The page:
ESSEX, Vermont -- On a bucolic farm just outside Burlington, Vermont, lives a sheep named Sweet Pea.
Sweet Pea's adoptive parents John and Jennifer Churchman have a give-and-take relationship with the lamb: they saved her life. She changed theirs.
"We're very grateful for all of this. It's very surreal," said Jennifer.
When Sweet Pea developed an infection last winter, the Churchmans described the touch-and-go on Facebook.
Their followers were quite worked up about Sweet Pea's condition. "They wanted updates all the time," Jennifer explained.
The Churchmans took Sweet Pea up to their house with her barnmates Violet, Sunny, and Prem to keep her company and celebrate when she got better.
They started talking about having a sleepover with the sheep on their Facebook page. One follower dubbed it a "sheepover," and others joined in, suggesting the couple write a book.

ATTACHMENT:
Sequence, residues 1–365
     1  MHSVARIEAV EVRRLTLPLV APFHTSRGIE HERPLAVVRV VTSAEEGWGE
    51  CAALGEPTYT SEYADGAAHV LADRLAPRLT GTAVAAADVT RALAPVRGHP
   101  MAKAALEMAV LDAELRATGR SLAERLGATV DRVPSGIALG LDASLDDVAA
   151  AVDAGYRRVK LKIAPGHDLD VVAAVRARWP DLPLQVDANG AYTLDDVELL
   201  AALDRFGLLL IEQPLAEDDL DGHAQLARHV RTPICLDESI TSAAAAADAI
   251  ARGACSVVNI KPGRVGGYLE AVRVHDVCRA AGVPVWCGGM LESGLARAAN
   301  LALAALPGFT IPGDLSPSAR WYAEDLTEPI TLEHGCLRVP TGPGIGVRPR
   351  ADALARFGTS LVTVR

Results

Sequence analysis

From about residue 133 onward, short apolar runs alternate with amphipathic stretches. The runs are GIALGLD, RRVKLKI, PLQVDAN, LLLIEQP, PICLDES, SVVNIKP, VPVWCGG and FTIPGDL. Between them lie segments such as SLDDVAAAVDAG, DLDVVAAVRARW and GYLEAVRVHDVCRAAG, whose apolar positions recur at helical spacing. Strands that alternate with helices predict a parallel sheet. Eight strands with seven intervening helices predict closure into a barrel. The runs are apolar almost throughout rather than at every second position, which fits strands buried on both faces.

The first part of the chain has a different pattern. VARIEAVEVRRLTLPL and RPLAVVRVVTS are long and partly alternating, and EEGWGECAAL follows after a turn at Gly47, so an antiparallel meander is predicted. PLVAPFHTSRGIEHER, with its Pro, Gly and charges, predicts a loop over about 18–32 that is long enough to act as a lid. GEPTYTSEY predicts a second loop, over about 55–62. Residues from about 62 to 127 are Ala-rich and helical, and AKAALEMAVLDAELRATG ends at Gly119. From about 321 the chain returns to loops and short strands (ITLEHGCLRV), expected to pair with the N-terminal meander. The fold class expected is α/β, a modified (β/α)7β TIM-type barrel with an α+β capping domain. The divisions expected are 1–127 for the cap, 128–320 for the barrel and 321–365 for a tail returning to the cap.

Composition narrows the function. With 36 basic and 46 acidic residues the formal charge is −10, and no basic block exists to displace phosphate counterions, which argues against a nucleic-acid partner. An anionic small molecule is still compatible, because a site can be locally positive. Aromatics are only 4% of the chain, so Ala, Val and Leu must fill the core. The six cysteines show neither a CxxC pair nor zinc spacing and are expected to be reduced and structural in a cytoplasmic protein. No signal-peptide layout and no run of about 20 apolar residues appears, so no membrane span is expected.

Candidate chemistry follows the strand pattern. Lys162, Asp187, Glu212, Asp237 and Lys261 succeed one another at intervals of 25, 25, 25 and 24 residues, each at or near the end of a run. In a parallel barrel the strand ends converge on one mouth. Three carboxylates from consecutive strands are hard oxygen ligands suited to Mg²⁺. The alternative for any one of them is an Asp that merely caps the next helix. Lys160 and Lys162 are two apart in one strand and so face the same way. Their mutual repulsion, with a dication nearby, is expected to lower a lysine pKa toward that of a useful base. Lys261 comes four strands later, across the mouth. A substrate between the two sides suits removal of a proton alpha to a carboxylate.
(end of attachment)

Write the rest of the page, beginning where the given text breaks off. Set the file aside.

They self-published 4,000 copies of "The Sheepover." John went to nearby bookstore The Flying Pig to see if he could drum up any interest.
"I've been in this business a long time and I had never seen anything quite like it," said store owner Elizabeth Bluemle. She was mesmerized by John's photographs.
"There's nothing with this collage photographic style that I've seen in the children's book world. So I think it's groundbreaking," she continued.
When Bluemle blogged a review, book agent Brenda Bowen didn't waste a second. Three weeks later, the Churchman's had a three-book, mid-six figure deal with one of the world's biggest publishers.
"I don't know the degree of rareness that I can get down to. I mean it's granular level rare," said Bowen.
Now John and Jennifer Churchman are farmers, and authors.
"We have three books right now, but we have 10 more behind that that are ready to be in production."
With every one of their 18 sheep a potential story, wool is no longer the most valuable product coming out of their pen.